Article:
Leading a Learning Tour & Pilgrimage Journey
Since 2003, about every two years, I have led the Exploring the World of Paul tour. Initially, it was called In the Footsteps of Paul, but it quickly became apparent that it was about more than the footsteps of Paul. It was about learning to read or hear his letters in the first-century world, dominated by the Roman empire, its ideology, its religions, and its culture. While travelling in Turkey, our groups also learn about the Islam of the Ottoman Empire and present-day Turkey (ancient Asia Minor). In Greece, we explore the Greek Orthodox tradition, perhaps most memorably in the monasteries of Meteora.
Visiting Aphrodisias, Sardis, Hierapolis, and Rome, gives us a window on the Greco-Roman world. Transitioning between Turkey and Greece, we stop at the World War I battlefields of Gallipoli to reflect on the terrible cost of war and the price paid for the establishment of modern Turkey out of the ashes of the Ottoman empire.
However, nothing is quite as stirring for tour participants as connecting what we know and cherish about Paul, his letters, and the congregations he planted with the locations where it all happened—including Ephesus, Philippi, Thessaloniki, and Athens. It is especially moving to share the Lord’s supper together in Corinth. On the most recent tour, we visited Rome for the first time and our group was allowed to enter an excavated dwelling deep under the present-day city streets. Gathered by ourselves, we prayed and sang in a space much like that inhabited by Paul when he was a prisoner in Rome.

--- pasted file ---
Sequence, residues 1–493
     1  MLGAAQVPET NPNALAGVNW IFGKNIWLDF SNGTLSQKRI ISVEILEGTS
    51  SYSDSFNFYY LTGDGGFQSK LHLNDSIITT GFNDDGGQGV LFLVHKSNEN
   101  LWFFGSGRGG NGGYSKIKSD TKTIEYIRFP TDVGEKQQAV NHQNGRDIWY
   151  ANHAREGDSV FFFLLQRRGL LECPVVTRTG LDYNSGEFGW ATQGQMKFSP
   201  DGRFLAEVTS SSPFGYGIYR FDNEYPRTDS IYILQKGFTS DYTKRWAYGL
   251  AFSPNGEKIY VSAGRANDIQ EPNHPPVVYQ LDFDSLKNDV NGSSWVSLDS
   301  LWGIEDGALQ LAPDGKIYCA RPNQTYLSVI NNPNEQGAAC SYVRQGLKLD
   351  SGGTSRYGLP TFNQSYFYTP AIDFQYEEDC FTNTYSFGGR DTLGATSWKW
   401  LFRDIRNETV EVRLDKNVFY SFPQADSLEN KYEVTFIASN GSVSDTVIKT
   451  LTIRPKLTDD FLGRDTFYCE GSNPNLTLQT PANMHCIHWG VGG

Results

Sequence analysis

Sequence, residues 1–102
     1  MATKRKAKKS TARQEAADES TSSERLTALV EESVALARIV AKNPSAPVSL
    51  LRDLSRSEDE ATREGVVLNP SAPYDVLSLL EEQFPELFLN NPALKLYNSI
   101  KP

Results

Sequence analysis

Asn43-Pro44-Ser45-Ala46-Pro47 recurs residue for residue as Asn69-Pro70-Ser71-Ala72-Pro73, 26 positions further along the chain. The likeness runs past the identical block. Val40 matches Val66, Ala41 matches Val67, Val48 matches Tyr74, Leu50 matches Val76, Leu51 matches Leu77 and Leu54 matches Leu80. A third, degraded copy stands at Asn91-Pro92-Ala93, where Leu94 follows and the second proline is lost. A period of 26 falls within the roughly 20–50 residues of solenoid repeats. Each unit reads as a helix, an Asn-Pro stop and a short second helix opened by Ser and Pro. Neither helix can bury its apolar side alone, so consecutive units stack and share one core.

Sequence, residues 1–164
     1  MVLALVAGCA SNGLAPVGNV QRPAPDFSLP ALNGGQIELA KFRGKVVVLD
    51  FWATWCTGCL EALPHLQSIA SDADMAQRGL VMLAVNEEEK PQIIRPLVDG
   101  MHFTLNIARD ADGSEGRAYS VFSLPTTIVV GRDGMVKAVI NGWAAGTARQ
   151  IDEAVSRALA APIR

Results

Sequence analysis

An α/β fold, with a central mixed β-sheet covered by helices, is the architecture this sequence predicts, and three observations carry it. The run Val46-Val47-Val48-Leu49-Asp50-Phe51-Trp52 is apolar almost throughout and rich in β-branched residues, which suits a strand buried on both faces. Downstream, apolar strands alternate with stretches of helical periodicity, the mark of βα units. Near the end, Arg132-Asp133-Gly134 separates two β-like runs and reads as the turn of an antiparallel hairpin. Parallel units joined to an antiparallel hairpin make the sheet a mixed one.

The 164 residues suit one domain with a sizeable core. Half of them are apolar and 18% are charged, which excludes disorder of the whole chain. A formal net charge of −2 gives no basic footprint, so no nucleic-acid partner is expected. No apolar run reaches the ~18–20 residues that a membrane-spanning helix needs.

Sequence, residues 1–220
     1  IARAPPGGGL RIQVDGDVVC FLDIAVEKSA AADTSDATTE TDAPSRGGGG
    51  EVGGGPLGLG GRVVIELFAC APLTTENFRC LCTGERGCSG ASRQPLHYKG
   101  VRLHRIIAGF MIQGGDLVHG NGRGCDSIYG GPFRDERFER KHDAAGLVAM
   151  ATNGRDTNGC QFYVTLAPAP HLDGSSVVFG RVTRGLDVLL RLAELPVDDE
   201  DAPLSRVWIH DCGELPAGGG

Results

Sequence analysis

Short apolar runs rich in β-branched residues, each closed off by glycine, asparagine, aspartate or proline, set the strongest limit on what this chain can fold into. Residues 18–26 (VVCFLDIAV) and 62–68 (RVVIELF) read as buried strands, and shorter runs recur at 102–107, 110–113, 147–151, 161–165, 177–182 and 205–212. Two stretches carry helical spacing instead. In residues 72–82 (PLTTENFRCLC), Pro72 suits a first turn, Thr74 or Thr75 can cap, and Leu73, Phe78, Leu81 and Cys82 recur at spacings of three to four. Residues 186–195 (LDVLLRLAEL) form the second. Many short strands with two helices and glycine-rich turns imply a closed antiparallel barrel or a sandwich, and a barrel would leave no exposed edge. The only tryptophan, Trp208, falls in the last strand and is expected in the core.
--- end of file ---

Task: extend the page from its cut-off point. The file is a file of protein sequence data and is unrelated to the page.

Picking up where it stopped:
I have appreciated the diversity of tour members and the motivations that bring them on a World of Paul Tour. I have been surprised again and again how an intense learning tour can also be a pilgrimage on the journey of faith. That is, finally, what makes it all worth it for me.
Congratulations to Tourmagination on fifty years of helping folks expand their minds and hearts! My thanks to all of you for the encouragement and help you have been over the past 17 years of introducing Paul’s world to travelers and pilgrims. Thanks also to Fred Redekop who was my companion on most of those tours.
May the future be bright, even if attuned to the new realities we all face together.
Cover Photo: Tom Yoder Neufeld (right) with Fred Redekop (left) at Meteora, Greece.